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PRODUCT LIABILITY IN A NUTSHELL

Product LiabilityProduct liability is a legal doctrine that falls within the area of “torts.”  A tort is defined as a wrong committed by one person either through an act and/or omission which injures another person, and can be intentional or unintentional.  An individual who is injured at the hand of a wrongdoer may file a lawsuit to recover financial compensation and other remedies allowed by law.  Product liability applies to an act or omission by a person or company who manufactured, designed, sold, distributed or delivered a product which injured a person or group of persons.

There are three ways the injured person can recover his or her damages in the product liability context: 1) Negligence, 2) Breach of Warranty, and 3) Strict Liability.  The first two are concerned with the conduct of the tortfeasor (the person who committed the wrong) while the last one is only concerned with the product without regard of the tortfeasor’s conduct.  We will address each one in turn.

  1. Negligence  

Negligence occurs when a person fails to exercise the type of care that a reasonable person would exercise under the same or similar circumstances.  This is commonly referred to as a duty of care.  In the event this duty is not met there is a breach, which in some cases can cause harm or damage to other person or persons.  In sum, the elements of a negligence action are:  1) Duty of care, 2) The breach of that duty, 3) That breach is the actual and proximate cause of the person’s injury, and 4) The existence of actual damages.

For example, if an automobile manufacturer failed to properly assemble and test one of its vehicles, and as a result of this one of its consumers was involved in a car wreck where he sustained multiple bodily injuries resulting in medical costs and damage to his car, the customer would most likely prevail in a product liability action for negligence against the automobile manufacturer.

The automobile manufacturer had a duty of care towards its customers because it is in the business of selling cars, it breached that duty by failing to properly assemble and test the sold vehicle, and this breach caused the injuries and damages sustained by its customer (bodily injury, medical costs, property damage, and possibly pain and suffering).  All elements are met in this example and the automobile manufacturer would most likely be found liable for these damages for its negligent conduct.

Negligence can also be shown by the failure to warn or the failure to provide adequate warning.  In most mass torts for pharmaceutical and medical devices, the failure to warn of known dangers is commonly plead.

  1. Breach of Warranty

A warranty is a promise regarding the quality, quantity, number, or type of good or product.  A warranty can be express or implied.  An express warranty is when the promise related to the good or product is made verbally or written to the potential buyer or consumer.  To be considered an express warranty the promise(s) made must be the basis of the negotiation, and must not be a mere exaggeration or “puffery” on the part of the seller, such as “this is best computer on the market.”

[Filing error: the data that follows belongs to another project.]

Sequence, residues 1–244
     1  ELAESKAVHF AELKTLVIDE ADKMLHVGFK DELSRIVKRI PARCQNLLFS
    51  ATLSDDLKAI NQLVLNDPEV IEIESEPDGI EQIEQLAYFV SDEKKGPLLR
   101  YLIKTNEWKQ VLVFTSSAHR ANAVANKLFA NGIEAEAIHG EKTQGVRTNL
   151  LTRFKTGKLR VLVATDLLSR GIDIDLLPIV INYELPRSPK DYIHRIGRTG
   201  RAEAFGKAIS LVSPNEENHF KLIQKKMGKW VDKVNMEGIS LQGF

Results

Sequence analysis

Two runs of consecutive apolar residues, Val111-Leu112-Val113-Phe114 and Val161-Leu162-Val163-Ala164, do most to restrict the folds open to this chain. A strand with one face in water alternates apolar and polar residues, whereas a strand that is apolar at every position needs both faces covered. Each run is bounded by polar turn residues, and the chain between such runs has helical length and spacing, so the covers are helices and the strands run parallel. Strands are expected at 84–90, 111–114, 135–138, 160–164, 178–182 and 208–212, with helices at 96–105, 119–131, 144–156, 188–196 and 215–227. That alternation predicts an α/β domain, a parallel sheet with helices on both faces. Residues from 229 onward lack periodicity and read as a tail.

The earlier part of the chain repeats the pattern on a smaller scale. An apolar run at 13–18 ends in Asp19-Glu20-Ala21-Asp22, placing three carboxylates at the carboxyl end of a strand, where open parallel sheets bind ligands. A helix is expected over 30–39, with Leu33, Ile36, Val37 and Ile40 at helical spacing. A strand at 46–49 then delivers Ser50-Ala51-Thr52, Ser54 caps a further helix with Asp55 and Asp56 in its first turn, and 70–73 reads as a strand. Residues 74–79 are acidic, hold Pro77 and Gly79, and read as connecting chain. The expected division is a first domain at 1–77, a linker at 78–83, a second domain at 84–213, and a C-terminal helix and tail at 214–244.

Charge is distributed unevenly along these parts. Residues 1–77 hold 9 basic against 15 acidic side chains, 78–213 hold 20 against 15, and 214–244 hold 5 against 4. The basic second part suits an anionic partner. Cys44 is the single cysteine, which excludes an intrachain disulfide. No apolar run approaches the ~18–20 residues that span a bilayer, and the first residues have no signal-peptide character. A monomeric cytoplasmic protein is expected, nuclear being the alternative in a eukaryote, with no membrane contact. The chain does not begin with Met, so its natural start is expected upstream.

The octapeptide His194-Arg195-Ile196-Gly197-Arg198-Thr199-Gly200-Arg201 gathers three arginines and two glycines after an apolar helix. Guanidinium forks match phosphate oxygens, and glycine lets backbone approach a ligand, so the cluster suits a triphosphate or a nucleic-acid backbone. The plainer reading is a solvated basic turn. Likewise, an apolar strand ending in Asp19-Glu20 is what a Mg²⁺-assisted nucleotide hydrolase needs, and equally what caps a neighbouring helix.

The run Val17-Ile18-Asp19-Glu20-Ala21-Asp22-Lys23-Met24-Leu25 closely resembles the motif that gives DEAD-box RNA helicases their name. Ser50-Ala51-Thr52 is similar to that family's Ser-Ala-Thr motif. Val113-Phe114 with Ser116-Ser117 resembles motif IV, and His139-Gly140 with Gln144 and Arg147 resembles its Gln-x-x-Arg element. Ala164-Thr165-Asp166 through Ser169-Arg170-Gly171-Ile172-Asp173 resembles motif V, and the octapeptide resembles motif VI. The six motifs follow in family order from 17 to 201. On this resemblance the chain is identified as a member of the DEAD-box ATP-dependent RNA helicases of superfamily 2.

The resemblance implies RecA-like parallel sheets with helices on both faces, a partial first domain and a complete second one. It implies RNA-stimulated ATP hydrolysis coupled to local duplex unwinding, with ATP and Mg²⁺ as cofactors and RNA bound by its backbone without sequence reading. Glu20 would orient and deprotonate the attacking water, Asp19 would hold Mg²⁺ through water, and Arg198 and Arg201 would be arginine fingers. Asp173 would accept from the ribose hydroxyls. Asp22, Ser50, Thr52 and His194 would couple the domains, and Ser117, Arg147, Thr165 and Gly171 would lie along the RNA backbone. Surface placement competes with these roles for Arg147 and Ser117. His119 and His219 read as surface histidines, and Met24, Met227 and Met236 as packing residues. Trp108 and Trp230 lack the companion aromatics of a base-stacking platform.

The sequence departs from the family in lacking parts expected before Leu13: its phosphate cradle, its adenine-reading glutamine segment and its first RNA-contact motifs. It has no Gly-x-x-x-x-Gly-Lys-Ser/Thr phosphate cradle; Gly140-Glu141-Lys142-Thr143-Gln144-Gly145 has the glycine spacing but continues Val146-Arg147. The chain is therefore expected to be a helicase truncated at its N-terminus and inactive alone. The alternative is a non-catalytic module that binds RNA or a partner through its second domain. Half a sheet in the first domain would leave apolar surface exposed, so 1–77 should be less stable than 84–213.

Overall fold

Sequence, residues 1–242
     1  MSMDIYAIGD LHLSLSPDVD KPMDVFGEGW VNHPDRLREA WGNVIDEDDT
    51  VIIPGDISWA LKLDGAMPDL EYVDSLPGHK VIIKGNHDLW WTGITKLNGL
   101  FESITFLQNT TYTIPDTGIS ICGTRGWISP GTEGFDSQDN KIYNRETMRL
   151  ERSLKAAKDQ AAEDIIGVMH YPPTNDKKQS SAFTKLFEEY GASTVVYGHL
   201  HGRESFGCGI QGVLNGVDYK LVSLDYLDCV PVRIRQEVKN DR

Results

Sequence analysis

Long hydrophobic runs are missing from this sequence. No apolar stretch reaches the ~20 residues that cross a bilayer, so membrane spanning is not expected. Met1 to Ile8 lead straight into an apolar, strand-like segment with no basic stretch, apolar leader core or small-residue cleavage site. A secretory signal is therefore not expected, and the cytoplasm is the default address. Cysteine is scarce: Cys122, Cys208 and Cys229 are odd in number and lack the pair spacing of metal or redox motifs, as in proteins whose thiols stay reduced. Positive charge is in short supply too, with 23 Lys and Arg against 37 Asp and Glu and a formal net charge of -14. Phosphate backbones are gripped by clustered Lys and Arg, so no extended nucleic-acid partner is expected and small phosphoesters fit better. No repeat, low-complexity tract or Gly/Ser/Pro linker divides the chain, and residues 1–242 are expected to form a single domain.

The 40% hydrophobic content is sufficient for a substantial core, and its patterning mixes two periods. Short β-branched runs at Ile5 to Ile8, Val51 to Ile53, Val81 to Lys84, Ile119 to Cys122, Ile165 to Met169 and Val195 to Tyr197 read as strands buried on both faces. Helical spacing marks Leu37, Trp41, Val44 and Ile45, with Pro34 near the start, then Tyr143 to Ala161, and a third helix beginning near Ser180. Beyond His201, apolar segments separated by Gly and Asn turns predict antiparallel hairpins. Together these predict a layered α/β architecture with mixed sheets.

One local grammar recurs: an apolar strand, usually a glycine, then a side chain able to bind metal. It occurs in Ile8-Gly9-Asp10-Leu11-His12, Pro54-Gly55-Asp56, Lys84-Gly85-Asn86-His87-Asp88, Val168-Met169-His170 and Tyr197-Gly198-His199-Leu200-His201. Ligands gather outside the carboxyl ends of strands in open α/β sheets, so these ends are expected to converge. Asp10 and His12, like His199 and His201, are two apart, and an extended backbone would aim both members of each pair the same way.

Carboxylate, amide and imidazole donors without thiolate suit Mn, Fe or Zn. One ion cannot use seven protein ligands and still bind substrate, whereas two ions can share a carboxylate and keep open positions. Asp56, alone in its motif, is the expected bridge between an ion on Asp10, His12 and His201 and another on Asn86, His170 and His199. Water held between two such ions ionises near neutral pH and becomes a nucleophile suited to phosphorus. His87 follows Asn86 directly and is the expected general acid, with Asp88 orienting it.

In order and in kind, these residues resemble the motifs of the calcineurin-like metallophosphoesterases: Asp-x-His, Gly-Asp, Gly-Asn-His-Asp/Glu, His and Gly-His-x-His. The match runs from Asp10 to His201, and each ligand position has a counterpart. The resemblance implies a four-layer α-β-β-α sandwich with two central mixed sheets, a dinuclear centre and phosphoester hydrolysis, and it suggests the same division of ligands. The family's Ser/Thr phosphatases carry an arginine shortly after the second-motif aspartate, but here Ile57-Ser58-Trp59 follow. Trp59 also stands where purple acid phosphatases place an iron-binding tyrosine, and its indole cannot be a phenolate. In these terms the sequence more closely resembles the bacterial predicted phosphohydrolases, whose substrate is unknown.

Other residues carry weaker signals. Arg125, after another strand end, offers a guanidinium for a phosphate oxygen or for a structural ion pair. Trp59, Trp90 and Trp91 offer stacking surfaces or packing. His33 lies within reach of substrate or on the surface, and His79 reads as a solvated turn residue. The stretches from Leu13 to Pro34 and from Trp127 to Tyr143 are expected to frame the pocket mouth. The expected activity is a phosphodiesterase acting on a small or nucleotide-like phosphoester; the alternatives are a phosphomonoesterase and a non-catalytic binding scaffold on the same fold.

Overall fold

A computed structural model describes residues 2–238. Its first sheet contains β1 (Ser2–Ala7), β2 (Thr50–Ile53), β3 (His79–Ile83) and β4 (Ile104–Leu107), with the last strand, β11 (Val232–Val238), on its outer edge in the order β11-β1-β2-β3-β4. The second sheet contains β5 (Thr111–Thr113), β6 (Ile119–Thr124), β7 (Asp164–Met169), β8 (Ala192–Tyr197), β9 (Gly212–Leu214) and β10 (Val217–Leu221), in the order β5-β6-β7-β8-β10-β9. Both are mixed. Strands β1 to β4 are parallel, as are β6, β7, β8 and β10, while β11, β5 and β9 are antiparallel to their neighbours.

Contrary to an express warranty, an implied warranty is unspoken and unwritten promises which are assumed by law.  There are two types of implied warranties:  1) The warranty of merchantability, and 2) The warranty of fitness for a particular purpose.

The warranty of merchantability is a promise that the product will do what it is supposed to do.  For example, if you buy a heater during the winter you expect it to heat and not blow cold air, and therefore, as buyer the law will protect you and provide you with a legal remedy in this particular situation (e.g. get your money back or replace it for a heater that works properly), even though no express promises were made in that regard.

The warranty of fitness for a particular purpose is a promise that the law infers when a buyer relies on the seller’s advice that the product can be used for a particular purpose.  For example, before you buy a heater you mention to the seller that you need a heater for a 300 square feet and based on that, the seller recommends a particular heater.  Here the seller knows the buyer’s particular need and the buyer relies on the seller’s recommendation in buying the heater.  In this case the law will also protect buyer, and provide him with a legal remedy.

  1. Strict Liability

Strict product liability is not concerned with the conduct of the seller of the product, but rather the product itself.  If a product that is defective or unreasonably unsafe was placed in market and somebody was injured because of it strict liability may be imposed.

A product can be considered defective if it has manufacturing defects like an improper assembly, loose parts, missing parts or the product’s manufacturing process did not conform with usual standards of the same type of product.  It can also be defective if the product design makes it unreasonably dangerous.  For example, an airbag that fails to deploy at the time of a collision.  Lastly, a product can be defective if it fails to provide sufficient warning labels in the product when there is a risk of danger.

If you or a loved one has suffered injuries by a product either through negligence, breach of warranty, manufacturing defect, design defect or inadequate warning we recommend you to contact us immediately for a free consultation.  Our product liability attorneys will provide you with enough information about your claim and whether you meet the requirements to file suit against the product’s manufacturer.